My friend is a 12 yr survivor of 'Invasive Cervical Cancer' which was almost missed. The cancer she had symptoms with was Squamous Cell Carcinoma of the Anal Verge. She had Chemo and Radiation simultaneously (Nigro protocol) and then total Hysterectomy and Omenectomy a few months later when Anal tumor ( thought to be hemorroid for 9 mos and undiagnosed) was shrunk and she recovered from chemo/radiation. She was 51 at diagnosis. She had a couple of 'clean Pap tests when she actually HAD invasive cervical CA!! so, second opinions are encouraged and she finally told her Dr. to send her to another specialist because she KNEW there was something wrong!

              She's doing great! Best wishes


              • Original Poster

                that is encouraging to hear cuz I was almost misdiagnosed too; I'm only in my 30s and had my tubes tied and an endometrial ablation last year so my 'wonky periods' lately were considered to be a failed ablation and nothing more. Only when I started to get really bad cramps when I did NOT have a period that my Gyneocologist thought something might be amiss! I got diagnosed with Stage 2b Cervical Adenocarcinoma on Nov. 20 .

                I had NEVER missed a Pap test nor had an abnormal one either so you can see they are NOT infallible especially for certain types of cervical cancer.

                I'm not really able to ride right now due to the fact that I don't have an indoor ring and the winter is pretty bad around here, but I do keep my horses at home and when I'm not feeling too sh*tty, am able to go and do chores and just spend time with my horses. However, my boyfriend does chores when I'm feeling too crappy .

                Thanks again everyone for your support; I really need to know there are others out there who have beaten this cuz it's just really scary for me right now.
                You'd think I'd know better.

                AQHA Clique, Pony Club Clique and Member/Co-founder of the Boot to the Head Clique! (Members NOT wanted)


                • #9
                  VWScully, I'm sorry you received such horrible news.

                  A few months ago I posted a thread as "AlteredTushie." I had just been diagnosed with the same anal cancer anuphillbattle's friend had (no cervical tho). It was so upsetting to me that I went on anti-anxiety meds through mid-October. I'm no longer embarrassed to admit what I had and went through.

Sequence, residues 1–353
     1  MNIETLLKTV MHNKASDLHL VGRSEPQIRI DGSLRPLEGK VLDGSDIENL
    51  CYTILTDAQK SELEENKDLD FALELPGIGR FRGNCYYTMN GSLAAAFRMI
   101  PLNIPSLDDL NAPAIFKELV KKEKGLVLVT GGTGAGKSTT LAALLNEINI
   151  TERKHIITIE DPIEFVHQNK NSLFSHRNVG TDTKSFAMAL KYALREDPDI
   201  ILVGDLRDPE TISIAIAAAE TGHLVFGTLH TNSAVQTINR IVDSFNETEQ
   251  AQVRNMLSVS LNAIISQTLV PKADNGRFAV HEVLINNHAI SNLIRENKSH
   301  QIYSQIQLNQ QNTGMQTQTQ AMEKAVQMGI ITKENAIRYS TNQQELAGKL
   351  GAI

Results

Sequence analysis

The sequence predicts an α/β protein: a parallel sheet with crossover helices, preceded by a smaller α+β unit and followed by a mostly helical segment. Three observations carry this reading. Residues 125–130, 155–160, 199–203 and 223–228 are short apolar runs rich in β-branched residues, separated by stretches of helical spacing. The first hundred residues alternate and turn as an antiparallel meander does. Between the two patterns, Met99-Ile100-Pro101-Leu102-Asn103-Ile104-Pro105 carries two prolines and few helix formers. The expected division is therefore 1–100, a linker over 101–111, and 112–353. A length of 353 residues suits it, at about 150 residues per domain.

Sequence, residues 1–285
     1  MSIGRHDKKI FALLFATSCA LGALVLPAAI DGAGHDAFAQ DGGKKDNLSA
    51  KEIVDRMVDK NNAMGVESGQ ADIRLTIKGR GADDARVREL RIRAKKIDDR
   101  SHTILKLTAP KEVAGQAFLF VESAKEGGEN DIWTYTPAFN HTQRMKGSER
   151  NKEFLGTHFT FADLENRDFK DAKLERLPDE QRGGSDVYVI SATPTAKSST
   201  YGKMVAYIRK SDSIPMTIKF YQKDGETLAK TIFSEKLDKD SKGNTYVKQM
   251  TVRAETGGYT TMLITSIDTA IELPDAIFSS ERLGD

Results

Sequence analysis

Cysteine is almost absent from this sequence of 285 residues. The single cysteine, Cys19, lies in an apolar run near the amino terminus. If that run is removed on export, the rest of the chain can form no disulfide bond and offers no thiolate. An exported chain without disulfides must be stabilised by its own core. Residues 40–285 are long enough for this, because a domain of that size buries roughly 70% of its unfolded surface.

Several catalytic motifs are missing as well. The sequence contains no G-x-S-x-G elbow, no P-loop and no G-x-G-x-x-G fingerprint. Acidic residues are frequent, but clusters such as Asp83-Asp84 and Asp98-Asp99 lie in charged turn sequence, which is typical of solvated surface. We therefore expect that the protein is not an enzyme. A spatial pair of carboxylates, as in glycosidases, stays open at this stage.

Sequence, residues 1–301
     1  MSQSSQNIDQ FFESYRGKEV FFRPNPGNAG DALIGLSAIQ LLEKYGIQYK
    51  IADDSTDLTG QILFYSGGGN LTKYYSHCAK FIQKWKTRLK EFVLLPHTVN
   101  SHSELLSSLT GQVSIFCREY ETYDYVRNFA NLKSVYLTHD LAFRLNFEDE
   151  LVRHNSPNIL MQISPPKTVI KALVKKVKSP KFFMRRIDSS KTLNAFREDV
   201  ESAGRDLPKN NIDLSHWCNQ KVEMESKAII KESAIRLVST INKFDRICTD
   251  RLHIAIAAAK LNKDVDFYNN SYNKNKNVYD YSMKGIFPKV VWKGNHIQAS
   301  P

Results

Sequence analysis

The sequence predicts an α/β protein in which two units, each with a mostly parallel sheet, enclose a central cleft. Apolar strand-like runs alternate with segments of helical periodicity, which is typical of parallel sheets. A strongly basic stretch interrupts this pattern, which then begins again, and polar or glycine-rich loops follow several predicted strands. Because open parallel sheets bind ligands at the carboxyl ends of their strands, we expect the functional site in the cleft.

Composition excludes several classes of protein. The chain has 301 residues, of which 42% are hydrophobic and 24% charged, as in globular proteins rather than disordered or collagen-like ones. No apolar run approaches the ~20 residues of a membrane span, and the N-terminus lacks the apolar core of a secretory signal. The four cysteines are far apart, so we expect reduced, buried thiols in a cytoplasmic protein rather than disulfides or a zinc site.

I began treatment at the end of August when a port was inserted into my chest so that I could receive chemo for 96 hours straight in the first & fifth weeks of my 6-week radiation schedule. The entire saga is recorded in a very open, very detailed thread on another board. I finished radiation & chemo the first week of October.

                  This particular treatment is very concentrated & intense. I was unable to work at all. I've been on disability for 4 months. I've ridden, well sat on, my horse only once in these 4 months, and that was one week after the radiation burns subsided. There were many reasons I missed seeing my critters, but the biggest deterrent was the port in my chest. It was so uncomfortable I could not wear a bra strap or a seat belt, much less groom or ride. There hasn't been a day that I haven't sworn up a storm about it--until today.

                  I got it surgically removed this morning

                  I had a CT of the chest/abdomen/pelvis last Friday and it showed NED, or no evidence of disease! I meet with my chemo oncologist the day after Christmas and I expect to be allowed to return to work.

                  I would be more than happy to be support for you. I know the hell you're going through.
                  I'm not arguing, I'm just explaining why I'm right
                  Violence doesn't end violence. It extends it. Break the cycle.


                  • #10
                    Treat the cancer like a speed bump, do the treatment, get back to life and kiss the MF goodbye! YOU ARE IN CHARGE !